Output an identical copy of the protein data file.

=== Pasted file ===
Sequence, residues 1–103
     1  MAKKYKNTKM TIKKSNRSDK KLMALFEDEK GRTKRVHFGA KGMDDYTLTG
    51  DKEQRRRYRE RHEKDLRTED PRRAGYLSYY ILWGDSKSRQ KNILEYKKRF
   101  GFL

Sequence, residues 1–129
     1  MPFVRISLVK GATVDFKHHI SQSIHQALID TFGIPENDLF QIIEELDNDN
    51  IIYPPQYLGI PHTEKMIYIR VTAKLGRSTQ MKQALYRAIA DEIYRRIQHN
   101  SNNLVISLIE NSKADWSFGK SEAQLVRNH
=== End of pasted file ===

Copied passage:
Sequence, residues 1–103
     1  MAKKYKNTKM TIKKSNRSDK KLMALFEDEK GRTKRVHFGA KGMDDYTLTG
    51  DKEQRRRYRE RHEKDLRTED PRRAGYLSYY ILWGDSKSRQ KNILEYKKRF
   101  GFL

Sequence, residues 1–129
     1  MPFVRISLVK GATVDFKHHI SQSIHQALID TFGIPENDLF QIIEELDNDN
    51  IIYPPQYLGI PHTEKMIYIR VTAKLGRSTQ MKQALYRAIA DEIYRRIQHN
   101  SNNLVISLIE NSKADWSFGK SEAQLVRNH